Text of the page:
Moscow City Court has upheld the ruling against holding a gay parade in the Russian city despite it breaking European law.
The Tverskoy District Court dismissed an appeal on 9 July submitted by the parade’s organizer Nikolai Alekseev, and said they will continue to ban gay pride from March 2012 to May 2112.
In defiance, Alekseev claimed to have found a loophole in Russian legislation and submitted requests for gay pride parades for the next 100 years to the Moscow Mayor’s office.
Speaking to Gay Star News, he said: ‘Russia is simply isolating itself from the modern world, while advocating its perspective of traditional values.’
The refusal stated the gay parade would substantially complicate the work of businesses, limit the freedom of travel of citizens, and violate their rights and legal interests.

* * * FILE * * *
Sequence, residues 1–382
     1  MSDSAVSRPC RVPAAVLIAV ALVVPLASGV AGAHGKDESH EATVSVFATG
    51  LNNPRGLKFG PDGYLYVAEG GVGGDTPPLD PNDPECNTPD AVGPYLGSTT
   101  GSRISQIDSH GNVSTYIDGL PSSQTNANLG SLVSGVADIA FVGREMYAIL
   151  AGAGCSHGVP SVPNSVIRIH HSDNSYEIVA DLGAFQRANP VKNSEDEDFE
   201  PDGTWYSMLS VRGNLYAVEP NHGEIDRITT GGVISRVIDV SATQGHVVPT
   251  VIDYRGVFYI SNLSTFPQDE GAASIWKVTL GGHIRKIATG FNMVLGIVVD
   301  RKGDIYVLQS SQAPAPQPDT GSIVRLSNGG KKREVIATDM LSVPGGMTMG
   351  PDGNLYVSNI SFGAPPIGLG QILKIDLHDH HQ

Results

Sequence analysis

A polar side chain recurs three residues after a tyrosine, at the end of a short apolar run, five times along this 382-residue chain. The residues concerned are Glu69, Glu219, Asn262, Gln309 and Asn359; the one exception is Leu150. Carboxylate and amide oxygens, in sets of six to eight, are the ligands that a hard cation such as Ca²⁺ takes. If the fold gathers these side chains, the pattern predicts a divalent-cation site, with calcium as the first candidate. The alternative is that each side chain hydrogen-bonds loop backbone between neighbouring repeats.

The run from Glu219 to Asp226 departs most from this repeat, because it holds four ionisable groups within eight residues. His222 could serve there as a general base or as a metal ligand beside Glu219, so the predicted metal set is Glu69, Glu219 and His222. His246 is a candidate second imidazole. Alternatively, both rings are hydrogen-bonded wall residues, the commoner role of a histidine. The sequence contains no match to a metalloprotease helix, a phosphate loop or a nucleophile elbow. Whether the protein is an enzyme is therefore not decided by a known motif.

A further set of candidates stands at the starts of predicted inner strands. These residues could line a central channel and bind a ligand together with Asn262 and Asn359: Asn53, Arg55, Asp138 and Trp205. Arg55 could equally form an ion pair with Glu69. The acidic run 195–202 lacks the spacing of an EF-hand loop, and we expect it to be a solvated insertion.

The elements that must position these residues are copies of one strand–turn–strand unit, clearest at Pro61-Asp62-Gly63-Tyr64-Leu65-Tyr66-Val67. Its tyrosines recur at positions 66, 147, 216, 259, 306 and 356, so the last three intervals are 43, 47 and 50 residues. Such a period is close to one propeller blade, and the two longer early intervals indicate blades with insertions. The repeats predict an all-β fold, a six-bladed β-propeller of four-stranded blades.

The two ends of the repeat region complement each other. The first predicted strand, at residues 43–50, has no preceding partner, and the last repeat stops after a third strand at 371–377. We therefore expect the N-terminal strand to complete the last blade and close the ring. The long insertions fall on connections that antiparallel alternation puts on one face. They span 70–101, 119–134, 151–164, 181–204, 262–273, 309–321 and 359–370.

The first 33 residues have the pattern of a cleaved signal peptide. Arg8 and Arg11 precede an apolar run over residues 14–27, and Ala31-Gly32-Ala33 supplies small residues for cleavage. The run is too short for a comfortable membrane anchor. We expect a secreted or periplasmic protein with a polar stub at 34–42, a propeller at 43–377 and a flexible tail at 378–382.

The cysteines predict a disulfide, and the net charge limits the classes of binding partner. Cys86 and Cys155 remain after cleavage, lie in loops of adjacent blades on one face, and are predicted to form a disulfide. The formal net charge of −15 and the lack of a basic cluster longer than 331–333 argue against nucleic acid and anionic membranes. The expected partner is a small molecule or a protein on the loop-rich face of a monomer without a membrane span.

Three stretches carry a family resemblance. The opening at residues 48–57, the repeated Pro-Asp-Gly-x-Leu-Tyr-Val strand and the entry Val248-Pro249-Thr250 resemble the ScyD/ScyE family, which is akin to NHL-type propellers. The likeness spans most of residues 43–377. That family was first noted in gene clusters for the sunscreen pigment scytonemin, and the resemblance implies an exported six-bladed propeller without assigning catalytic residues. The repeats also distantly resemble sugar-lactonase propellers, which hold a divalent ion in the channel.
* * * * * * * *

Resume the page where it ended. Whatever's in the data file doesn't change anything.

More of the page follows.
Alekseev and the other parade organizers say the Moscow government has violated not only Russian law, but also the European Court of Human Rights.
In the Alekseev v Russia case, the ECHR ruled bans on gay parades in the Russian capital are illegal.
Alekseev said: ‘'It is all shows that Russia has no intention of respecting international conventions and obligations that deal with LGBT rights.
'I think Russia is becoming more aggressive because there is increasing pressures from all sides, from the European Union, the United Nations, international diplomacy and so of for more protection of LGBT rights.’
UK-based gay rights group Stonewall has condemned the ban.
‘It’s a matter of grave concern that Moscow’s municipal government has again marginalized the city’s gay community,' said Stonewall international officer Jasmine O’Connor.
'It’s another sign of the dire situation for Russia’s 8.5 million lesbian, gay and bisexual people, whose human rights are routinely abused by the government and police.
'We’ll continue to press the British government to do all it can to confront homophobic human rights abuses worldwide.’